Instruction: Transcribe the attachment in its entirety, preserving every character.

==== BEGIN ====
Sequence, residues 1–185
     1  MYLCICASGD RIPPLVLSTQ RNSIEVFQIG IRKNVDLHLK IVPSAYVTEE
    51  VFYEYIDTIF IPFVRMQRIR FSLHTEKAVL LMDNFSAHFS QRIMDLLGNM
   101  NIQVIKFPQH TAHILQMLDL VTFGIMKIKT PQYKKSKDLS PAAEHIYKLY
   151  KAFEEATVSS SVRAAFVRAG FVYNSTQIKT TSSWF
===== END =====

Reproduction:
Sequence, residues 1–185
     1  MYLCICASGD RIPPLVLSTQ RNSIEVFQIG IRKNVDLHLK IVPSAYVTEE
    51  VFYEYIDTIF IPFVRMQRIR FSLHTEKAVL LMDNFSAHFS QRIMDLLGNM
   101  NIQVIKFPQH TAHILQMLDL VTFGIMKIKT PQYKKSKDLS PAAEHIYKLY
   151  KAFEEATVSS SVRAAFVRAG FVYNSTQIKT TSSWF